There has been an inn or fonda on this corner next to Santa Fe's historic plaza since 1610. Throughout the days of the Santa Fe Trail, the California Gold Rush, and New Mexico territory travelers have come to this corner in Santa Fe for lodging and rest. The last inn on the corner before today's La Fonda was destroyed in 1919. The present day La Fonda was built on the site in 1920. After the business venture failed the Atchison, Topeka and Santa Fe Railroad acquired the hotel, which they then leased to Fred Harvey in 1926. From 1926 through 1969 the La Fonda was one of the famous Harvey Houses. During those early years the La Fonda served as headquarters for Fred Harvey's Indian Detours. Passenger would take the Santa Fe Railroad and disembark at the La Fonda for a touring car adventure into Indian Country. This service allowed cross-country rail travelers an opportunity to tour Southwestern attractions including Indian Pueblos, Indian Ruins, and even Carlsbad Caverns. It was a marketing ploy that was highly successful during the 1930s and 40s.

La Fonda Hotel 2003
La Fonda Inn as it looks today.


La Fonda Courtyard Restaurant
Colorful Southwestern motif adds to the enjoyment of the place.


Miraculous Staircase of Loretto Chapel

Mysterious Loretto Chapel
Mysterious Loretto Chapel

The Year was 1873 and the Loretto Chapel was almost complete. There was one problem though. The choir loft, 22 feet above the chapel floor, could not be accessed. The builders concluded that a ladder would have to be constructed to the loft because there was no room for a staircase. This was unacceptable to the sisters and a special novena to St. Joseph, patron saint of carpenters, was held. On the final day of the novena a man showed up looking for work. The sisters hired him to build the staircase.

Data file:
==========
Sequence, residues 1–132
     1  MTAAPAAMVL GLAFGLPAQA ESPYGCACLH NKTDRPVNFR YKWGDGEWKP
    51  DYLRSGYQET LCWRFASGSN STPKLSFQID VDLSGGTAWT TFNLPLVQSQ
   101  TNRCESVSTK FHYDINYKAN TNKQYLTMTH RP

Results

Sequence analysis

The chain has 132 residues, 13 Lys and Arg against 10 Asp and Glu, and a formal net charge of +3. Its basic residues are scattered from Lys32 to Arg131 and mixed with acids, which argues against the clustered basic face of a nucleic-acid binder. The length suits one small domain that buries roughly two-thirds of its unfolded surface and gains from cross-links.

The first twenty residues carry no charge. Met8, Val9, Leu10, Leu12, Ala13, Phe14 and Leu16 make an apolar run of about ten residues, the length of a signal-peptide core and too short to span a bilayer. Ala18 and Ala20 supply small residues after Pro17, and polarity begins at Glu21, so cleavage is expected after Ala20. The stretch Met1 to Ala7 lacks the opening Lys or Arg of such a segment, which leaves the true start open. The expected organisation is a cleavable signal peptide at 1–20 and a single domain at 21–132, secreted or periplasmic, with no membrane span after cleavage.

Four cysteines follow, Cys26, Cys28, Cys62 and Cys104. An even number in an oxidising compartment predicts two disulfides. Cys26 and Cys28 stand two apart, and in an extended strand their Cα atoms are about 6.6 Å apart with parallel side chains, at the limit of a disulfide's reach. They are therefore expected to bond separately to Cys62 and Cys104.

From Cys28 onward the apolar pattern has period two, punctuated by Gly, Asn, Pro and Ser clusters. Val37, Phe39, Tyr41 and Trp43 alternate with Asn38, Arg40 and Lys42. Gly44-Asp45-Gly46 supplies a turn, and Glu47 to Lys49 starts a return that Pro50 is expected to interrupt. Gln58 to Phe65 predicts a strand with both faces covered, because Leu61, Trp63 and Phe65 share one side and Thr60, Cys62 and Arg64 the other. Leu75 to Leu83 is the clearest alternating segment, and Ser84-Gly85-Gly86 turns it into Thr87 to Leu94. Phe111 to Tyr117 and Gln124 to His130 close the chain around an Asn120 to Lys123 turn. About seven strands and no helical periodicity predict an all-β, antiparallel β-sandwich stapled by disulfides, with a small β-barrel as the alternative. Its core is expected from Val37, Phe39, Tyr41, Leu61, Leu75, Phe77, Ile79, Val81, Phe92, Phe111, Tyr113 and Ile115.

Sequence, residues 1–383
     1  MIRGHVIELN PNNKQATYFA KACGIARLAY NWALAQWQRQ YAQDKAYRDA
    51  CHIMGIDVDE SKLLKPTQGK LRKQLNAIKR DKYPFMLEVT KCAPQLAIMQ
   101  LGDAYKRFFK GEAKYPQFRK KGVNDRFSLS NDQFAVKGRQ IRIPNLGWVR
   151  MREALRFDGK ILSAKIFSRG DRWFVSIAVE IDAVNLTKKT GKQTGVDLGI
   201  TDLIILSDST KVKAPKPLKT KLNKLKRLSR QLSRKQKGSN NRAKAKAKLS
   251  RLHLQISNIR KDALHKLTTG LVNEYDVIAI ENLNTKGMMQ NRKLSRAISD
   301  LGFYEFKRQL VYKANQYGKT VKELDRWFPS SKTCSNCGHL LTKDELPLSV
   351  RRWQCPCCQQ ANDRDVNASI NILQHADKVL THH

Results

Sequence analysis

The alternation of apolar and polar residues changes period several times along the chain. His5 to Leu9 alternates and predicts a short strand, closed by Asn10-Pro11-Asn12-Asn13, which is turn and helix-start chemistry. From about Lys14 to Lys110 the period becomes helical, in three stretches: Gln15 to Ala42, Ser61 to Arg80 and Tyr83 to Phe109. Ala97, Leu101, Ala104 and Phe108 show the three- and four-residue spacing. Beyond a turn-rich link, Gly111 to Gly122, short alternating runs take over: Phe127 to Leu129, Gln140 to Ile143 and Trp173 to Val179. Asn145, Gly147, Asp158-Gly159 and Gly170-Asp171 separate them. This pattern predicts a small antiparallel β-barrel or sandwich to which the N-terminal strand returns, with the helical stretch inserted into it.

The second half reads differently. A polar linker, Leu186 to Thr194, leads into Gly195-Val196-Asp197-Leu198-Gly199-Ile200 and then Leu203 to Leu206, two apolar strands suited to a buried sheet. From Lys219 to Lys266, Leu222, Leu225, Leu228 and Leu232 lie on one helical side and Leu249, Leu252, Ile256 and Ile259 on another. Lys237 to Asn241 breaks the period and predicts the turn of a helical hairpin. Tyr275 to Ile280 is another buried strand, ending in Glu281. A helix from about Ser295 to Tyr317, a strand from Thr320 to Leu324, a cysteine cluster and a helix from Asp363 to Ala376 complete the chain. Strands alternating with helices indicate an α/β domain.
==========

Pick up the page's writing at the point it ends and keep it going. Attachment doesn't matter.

After months of work the man had built a beautiful circular staircase to the choir loft. Then the man then disappeared without a trace without being paid for his work. The sisters searched for him to no avail. Some concluded that he was Saint Joseph himself because of the impossible design of the elegant staircase. This design still perplexes engineers today. The staircase has two 360 degree turns and has no visible means of support and the staircase was built without nails, only wooden pegs. Today people from all over the world flock to the Loretto Chapel to see this miraculous staircase.


Santa Fe's Old Town

Historic Santa Fe Plaza Though Santa Fe lost its place on Route 66 in 1938, it remains one of the most picturesque cities in New Mexico, steeped with the mystery and romance of a colorful history. The Native American and Spanish Colonial influence can be seen everywhere.
  Founded in 1610 on the ruins of an abandoned Tanoan Indian village, Santa Fe has been a capitol for nearly four hundred years making it the oldest capitol in the United States. The Palace of the Governors was constructed between 1610 and 1612 and is the oldest government building in the country.

Historic Pink Adobe


Historic Palace of the Governors
Santa Fe's Palace of the Governors is the oldest seat of government in the U.S.

Palace of the Governors
Today vendors sell their wares on the porch of the Palace of Governors - as they have for hundreds of years.

  Santa Fe Trail Once this town was the end of the old Santa Fe Trail (a portion of which was shared by Route 66 between 1926 and 1937), an exotic destination luring the earliest Anglo explorers and traders west. The Santa Fe trail was the earliest trade route linking the American frontier back east with the far west.
  The Santa Fe Trail would serve as part of the southern route to California during the gold rush of 1849, followed by the railroads in the 1880s and in turn the old trail would inspire the building of a national highway that would later become Route 66.


West 66